An organic acid blend can modulate swine intestinal fermentation and reduce microbial proteolysis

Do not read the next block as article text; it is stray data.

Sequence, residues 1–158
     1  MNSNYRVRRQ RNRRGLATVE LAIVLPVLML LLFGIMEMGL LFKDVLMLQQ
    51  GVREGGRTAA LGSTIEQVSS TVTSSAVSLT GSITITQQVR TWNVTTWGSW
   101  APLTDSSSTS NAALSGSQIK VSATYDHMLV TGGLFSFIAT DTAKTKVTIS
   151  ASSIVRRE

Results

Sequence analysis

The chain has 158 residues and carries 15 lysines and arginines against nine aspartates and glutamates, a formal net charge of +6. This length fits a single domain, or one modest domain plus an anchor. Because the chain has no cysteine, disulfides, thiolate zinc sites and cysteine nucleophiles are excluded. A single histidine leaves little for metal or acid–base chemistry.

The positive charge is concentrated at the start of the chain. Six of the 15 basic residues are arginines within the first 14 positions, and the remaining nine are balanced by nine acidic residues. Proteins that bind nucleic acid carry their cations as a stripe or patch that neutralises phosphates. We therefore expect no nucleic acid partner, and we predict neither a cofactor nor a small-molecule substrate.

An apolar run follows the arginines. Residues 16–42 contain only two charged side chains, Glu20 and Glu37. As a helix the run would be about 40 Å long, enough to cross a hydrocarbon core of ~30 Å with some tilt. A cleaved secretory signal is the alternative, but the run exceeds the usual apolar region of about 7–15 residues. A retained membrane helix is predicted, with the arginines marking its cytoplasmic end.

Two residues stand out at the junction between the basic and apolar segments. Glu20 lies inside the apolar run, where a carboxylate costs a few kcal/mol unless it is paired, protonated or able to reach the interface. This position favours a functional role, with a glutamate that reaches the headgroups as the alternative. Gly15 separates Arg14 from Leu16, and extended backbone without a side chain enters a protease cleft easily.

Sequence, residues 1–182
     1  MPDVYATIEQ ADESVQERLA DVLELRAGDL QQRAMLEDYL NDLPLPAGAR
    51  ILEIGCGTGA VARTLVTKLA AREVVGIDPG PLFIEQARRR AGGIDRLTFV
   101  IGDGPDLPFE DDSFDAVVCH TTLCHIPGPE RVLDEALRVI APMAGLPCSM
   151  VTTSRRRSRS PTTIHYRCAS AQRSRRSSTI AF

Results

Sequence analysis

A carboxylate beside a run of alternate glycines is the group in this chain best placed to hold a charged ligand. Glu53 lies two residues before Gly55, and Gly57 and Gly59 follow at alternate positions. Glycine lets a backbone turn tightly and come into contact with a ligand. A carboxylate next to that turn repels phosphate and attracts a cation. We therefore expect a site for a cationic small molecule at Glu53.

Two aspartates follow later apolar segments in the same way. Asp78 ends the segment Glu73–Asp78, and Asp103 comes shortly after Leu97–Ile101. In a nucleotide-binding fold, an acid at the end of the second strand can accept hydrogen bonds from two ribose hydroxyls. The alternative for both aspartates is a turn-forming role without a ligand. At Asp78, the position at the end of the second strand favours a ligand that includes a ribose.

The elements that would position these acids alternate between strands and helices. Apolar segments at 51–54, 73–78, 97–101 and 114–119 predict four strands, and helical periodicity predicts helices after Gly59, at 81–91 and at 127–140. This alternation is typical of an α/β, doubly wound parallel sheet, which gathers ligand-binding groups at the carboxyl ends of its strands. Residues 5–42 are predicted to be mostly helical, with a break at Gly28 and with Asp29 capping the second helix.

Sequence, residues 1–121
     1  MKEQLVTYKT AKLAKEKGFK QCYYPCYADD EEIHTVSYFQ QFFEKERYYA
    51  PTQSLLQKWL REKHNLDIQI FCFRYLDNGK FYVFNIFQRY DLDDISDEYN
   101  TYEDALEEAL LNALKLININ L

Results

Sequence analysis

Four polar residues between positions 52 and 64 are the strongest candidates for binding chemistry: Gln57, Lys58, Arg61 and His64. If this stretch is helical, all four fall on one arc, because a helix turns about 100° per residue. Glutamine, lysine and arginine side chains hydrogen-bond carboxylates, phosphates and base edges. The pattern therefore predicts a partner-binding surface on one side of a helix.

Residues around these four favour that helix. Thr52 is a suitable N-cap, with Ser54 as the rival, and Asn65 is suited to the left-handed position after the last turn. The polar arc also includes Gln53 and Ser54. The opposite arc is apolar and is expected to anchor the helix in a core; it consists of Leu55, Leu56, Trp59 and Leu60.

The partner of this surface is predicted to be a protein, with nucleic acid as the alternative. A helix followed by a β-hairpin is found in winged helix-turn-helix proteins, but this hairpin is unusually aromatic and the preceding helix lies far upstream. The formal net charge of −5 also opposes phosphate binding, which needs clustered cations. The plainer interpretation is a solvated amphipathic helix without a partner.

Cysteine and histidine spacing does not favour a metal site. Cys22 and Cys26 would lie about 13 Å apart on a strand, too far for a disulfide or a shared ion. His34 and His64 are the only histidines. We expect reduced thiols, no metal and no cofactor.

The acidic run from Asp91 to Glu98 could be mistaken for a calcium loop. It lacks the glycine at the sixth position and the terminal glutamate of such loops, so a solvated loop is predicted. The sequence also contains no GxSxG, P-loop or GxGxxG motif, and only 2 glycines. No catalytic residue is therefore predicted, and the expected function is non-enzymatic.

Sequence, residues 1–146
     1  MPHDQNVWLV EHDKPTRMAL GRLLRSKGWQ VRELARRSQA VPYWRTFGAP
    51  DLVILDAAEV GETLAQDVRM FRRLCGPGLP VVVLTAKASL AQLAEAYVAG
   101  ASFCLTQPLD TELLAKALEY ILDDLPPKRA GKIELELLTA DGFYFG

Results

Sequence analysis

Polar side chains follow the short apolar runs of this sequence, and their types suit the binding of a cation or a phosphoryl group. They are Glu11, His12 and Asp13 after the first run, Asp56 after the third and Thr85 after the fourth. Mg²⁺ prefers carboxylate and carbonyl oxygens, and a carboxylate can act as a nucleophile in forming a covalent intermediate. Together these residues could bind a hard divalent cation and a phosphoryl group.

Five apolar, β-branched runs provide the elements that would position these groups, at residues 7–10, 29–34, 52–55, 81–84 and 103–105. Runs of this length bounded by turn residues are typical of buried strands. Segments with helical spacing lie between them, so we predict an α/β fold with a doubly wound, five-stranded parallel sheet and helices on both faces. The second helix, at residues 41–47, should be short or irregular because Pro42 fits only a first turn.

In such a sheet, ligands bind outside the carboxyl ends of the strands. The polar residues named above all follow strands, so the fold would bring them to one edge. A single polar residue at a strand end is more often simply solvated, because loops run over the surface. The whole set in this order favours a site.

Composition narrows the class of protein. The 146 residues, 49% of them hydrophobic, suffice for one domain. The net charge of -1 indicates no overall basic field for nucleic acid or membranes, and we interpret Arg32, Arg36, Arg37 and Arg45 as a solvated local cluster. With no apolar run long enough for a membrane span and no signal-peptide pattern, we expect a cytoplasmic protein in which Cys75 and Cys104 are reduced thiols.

The increased use of slow-release organic acids in swine nutrition has prompted more research to assess their possible role in modulating the intestinal microflora as an alternative to antibiotics. Three diets for growing pigs containing 0 (L-NDF), 100 (M-NDF), and 200 g kg-1 (H-NDF) dried sugar beet pulp (SBP) were pre-digested to simulate ileal digestion, and used as substrate in an in vitro cecal fermentation study. The inoculum was collected from pigs immediately after slaughter. Diets tested were L-NDF, M-NDF, and H-NDF with or without the addition of an organic acid blend providing phosphoric, citric, fumaric, and malic acid at 1.53, 0.78, 2.59, and 1.12 mmol L-1, respectively. Cecal microbial growth was monitored using the cumulative gas production technique. Fermentation fluid was analyzed for ammonia and volatile fatty acids concentrations. The maximum rate of gas production was higher when H-NDF rather than L-NDF or M-NDF (+ 18%; P < 0.05) was fed; such a high rate of growth (+ 14%; P < 0.05) was also achieved when the acid blend was added to L-NDF. After 24 h, the acid blend reduced ammonia, isoacids, and acetic acid concentrations in fermentation fluid regardless of the type of diet (P < 0.05). Organic acids stimulated bacterial fermentation when added to a low-fiber diet and were able to reduce ammonia in all diets tested.For more information: marketing@vetagro.comRead the full text here.